Mosaic: the pretty & the practical

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When it comes to decorating our homes we tend to lean towards the pretty rather than practical. And so what? Life is hard enough. What with taxes and public speaking to concern ourselves with.

Amidst the conflict between the pretty and the practical we seldom find a happy medium. That is until we begin discussing the anomaly that is the coloured tile. 

Mosaics have a long and, excuse the pun, rather colourful history. A history that lends itself to the balance between the pretty and the practical. A history that some of you might find rather fascinating.

Or perhaps, for the less historic minded of you, the history of mosaic can be seen as something useful. Useful, in its ability to convince your significant other of its rich historical and cultural value. And of course how, in its acquisition, it will add that much needed dimension of socio-historic culture to your all-be-it-lacking guest bathroom.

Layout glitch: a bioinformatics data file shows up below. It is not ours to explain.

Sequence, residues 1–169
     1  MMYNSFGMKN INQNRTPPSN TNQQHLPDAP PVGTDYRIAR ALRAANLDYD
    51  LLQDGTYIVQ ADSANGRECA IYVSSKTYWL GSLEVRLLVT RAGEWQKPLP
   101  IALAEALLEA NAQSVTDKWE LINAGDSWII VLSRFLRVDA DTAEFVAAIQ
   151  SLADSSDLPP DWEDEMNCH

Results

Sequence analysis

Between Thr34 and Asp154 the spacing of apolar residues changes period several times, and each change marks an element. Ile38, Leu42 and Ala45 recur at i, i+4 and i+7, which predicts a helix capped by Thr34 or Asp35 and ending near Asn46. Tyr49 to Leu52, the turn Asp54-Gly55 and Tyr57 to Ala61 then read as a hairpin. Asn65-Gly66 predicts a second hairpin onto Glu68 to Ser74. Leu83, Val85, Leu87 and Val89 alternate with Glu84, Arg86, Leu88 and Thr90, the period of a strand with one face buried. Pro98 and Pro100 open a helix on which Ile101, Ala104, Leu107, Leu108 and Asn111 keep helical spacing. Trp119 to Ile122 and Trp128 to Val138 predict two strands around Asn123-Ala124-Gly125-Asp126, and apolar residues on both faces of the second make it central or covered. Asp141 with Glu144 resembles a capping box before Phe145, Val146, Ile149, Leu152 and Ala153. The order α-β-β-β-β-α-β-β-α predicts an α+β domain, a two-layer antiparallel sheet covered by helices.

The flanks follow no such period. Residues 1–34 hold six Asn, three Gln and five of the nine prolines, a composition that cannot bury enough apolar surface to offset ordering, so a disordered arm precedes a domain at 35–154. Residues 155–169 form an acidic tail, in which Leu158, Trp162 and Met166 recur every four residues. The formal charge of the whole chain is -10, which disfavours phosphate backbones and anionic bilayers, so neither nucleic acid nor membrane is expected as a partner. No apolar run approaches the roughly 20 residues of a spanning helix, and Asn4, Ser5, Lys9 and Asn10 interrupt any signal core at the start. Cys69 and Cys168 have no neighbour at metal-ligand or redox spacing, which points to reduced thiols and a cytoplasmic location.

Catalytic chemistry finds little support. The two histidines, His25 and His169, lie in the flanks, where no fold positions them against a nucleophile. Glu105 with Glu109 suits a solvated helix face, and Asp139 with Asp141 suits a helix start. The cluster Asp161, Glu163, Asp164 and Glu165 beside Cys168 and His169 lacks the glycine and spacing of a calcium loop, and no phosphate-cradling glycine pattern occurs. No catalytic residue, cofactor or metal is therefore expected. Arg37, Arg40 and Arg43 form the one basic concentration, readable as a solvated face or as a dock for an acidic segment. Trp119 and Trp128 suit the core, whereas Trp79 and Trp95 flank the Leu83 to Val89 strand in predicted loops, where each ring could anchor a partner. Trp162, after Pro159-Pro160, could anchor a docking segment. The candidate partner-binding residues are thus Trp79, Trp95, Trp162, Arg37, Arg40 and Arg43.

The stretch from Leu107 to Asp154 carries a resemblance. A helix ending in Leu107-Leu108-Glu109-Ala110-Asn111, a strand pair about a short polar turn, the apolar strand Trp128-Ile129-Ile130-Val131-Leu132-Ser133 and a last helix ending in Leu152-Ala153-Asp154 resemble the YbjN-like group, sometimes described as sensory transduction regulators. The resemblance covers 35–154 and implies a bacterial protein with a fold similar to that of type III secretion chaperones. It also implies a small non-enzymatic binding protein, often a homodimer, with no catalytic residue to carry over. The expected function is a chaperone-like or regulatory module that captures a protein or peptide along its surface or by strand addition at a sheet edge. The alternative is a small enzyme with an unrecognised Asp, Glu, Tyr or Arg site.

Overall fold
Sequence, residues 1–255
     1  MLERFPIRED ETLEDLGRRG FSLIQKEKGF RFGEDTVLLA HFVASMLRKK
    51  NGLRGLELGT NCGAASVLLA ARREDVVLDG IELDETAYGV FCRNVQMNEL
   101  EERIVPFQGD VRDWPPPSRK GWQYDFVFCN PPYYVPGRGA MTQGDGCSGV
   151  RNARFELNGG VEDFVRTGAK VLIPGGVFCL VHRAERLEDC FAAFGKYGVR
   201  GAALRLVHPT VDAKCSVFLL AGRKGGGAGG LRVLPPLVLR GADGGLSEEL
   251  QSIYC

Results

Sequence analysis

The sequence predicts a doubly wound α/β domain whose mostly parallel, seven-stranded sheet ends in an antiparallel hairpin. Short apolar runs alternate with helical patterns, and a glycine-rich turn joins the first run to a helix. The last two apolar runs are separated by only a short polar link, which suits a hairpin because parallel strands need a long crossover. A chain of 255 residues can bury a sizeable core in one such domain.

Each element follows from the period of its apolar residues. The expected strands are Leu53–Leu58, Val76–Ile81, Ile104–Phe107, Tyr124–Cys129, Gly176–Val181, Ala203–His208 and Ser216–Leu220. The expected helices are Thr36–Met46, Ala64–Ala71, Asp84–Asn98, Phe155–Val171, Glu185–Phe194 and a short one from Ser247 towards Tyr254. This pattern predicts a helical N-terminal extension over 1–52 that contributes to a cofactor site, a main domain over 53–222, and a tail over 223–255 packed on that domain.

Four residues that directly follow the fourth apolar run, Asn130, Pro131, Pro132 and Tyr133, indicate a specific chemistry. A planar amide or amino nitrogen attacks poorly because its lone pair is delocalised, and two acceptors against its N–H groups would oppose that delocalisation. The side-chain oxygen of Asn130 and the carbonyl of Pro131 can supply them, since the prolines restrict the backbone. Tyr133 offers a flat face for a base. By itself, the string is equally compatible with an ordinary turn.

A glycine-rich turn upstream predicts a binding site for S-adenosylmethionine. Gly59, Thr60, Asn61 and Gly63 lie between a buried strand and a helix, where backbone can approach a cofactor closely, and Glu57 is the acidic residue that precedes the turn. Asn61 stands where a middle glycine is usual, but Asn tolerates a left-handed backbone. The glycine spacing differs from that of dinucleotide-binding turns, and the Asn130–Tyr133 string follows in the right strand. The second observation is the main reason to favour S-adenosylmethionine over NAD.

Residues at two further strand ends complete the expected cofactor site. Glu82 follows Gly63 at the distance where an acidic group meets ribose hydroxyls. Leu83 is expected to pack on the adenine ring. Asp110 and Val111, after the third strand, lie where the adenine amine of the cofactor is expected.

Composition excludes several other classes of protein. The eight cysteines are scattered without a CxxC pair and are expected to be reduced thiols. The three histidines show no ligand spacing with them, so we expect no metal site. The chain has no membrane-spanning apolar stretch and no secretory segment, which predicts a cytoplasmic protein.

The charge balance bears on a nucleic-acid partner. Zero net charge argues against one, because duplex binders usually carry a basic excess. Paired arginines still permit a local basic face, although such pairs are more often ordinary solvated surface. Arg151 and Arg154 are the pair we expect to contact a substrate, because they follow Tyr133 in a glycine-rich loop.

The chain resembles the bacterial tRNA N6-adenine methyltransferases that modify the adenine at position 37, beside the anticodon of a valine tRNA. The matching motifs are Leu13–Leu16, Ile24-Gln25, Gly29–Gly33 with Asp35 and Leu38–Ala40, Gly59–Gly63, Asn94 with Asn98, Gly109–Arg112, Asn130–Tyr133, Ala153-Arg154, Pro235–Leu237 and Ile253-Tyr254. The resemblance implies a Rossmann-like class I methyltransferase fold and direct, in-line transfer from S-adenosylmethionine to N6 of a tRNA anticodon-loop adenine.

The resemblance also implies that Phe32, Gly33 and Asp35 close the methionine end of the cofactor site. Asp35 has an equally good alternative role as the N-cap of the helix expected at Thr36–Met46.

Historically, Mosaic has its roots in the practical. It was first used thousands (yes`, thousands) of years ago. Not as sophisticated as it would later become as an art form, mosaics were first made by positioning pebbles and stones into patterns that conveyed messages or directions (how practical). 

As an art form, records show that Mosaic has been around since the fourth millennium B.C. The first mosaics were found in Mesopotamia. They were made from an array of materials. Including shells, semi-precious stones and ivory. The Greeks played a significant part in discovery of mosaic. While the Romans played a role in its development.

St. Mark’s Basilica. The cathedral of Venice. Renowned for its Byzantine architecture and mosaics. Consecrated in 1094.

St. Mark’s Basilica. The cathedral of Venice. Renowned for its Byzantine architecture and mosaics. Consecrated in 1094.